Sunday, April 3, 2011

Opinions Of The Times

Don't waste one of your free twenty on this NY TIMES opinion, unless you want to be annoyed that the old saw keeps on going. Excuse my lack of editing, as I am ranked.

Maybe the only truth in that article is that the problems with invasive species in North America (or anywhere else) are irreversible. Yet I tire of people anthropomorphising the plants and flipping the topic to anti-immigration fanatics.  This kind of talk reminds me of Republican political tactics; the way they skew a socioeconomic issue towards some religious-cultural one in order to pick up support and redirect people's frustration.

I do not know one person who believes that invasive plants are a problem who also happens to spew anti-immigrant hate. In fact, those I know tend to be hyper-conscientious. So this old saw, first offered by Michael Pollan, is really weak. Sensitive people get it -there are language parallels between anti-immigration and anti-invasive. So what? You are either saying people who support dealing with invasive plants are anti-immigrant or you're saying we're not. Enough of the "just sayin."

We should never confuse human culture or ethnicity with differentiated species. When human beings emigrate to the United States, do they not live amongst human beings? Is the author suggesting that different cultures and ethnicities have different eco-systems? When we deal with alien plant species, we are talking about a plant within a community of hundreds or thousands or more of species in a single biological system. Please do not insult us so much -does the author imagine that the reader is so limited that they cannot see ethnic diversity as a plurality of cultures, not a plurality of species which have very specific inter-relations with each other? Yes, cultures may have specific inter-relations with eachother, but in the end we all eat, sleep, and screw.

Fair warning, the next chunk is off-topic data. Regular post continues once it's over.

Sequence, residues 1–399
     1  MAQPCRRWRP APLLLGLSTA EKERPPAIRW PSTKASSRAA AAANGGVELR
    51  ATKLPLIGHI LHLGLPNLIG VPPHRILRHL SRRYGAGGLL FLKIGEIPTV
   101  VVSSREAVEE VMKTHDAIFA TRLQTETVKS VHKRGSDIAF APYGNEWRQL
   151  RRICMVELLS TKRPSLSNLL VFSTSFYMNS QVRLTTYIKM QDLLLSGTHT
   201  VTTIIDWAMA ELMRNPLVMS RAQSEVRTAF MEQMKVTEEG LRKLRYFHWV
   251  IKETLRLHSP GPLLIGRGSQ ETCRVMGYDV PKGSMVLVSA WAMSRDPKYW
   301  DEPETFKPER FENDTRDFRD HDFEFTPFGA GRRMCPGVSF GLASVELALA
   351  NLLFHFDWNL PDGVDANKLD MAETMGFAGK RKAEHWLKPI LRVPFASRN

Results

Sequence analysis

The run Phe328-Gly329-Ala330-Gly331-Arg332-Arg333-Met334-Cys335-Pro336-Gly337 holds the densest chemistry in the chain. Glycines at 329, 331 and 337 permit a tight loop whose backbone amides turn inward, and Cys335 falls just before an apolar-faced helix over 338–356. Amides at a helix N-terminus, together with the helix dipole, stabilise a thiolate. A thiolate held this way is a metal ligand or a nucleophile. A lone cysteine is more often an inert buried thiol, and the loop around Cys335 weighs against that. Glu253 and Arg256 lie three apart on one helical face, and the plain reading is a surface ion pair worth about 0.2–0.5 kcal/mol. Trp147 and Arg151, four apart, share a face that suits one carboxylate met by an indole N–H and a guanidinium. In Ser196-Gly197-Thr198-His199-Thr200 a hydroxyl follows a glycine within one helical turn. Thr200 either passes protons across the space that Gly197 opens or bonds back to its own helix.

I know of no one who requires natives only, with the possible exception of government roadside or trail side contracts. And while we celebrate the nation of immigrants from which most of us descend, let us consider whether those folks who speak of the strength and virtue of said "immigrant" plants, also feel superior to those who were less successful when they found themselves up against our manifest destiny of industry and guile.

If you do not care about invasive plants, just say you don't care. If you cannot part with an invasive species in your garden, just say you're never going to pull out those plants. But please, stop avoiding responsibility and justifying your own indifference by throwing epithets around.


  1. Manifest destiny. Holy amen to that paragraph. Linke over from Garden Rant. This NYT article has me cheesed!

    I do think that it would help to consider the culture of ecosystems, and what we can learn from those cultures. I use the term loosely. There is a culture of prairie, I think, that intersects human culture--esp plains indian tribes (or once did).

  2. I think there's much arrogance behind the diversion to "anti-immigration."

    When you say the culture of ecosystems, you mean human culture relative to particular ecosystems, or the "culture" of all creatures interacting, a bio-culture?

  3. To generalize, I would go so far as to say that the anti-invasive plant people are pretty well informed. And to my mind, pretty well informed does not equate with anti-immigration, if anything, the opposite.

  4. I would agree. Generally, pretty well informed.


If I do not respond to your comment right away, it is only because I am busy pulling out buckthorn, creeping charlie, and garlic mustard...